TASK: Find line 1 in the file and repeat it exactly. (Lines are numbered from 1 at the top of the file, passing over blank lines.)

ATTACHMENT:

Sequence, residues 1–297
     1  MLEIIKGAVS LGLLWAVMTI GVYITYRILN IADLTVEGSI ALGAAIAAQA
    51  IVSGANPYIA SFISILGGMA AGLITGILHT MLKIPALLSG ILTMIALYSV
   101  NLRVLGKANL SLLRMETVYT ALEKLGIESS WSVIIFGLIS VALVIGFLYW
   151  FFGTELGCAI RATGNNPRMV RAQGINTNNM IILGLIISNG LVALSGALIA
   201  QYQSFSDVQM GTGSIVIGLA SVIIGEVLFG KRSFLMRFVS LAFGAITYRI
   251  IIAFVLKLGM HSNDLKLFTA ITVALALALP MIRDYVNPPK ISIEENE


Sequence, residues 1–297